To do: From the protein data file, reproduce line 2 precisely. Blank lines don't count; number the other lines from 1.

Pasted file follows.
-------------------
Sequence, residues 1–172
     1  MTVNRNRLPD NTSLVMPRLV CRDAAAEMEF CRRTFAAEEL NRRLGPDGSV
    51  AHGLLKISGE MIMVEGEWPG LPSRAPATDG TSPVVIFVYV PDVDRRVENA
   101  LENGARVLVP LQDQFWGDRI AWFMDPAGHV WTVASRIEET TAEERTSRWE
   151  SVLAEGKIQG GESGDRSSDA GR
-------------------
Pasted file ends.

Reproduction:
     1  MTVNRNRLPD NTSLVMPRLV CRDAAAEMEF CRRTFAAEEL NRRLGPDGSV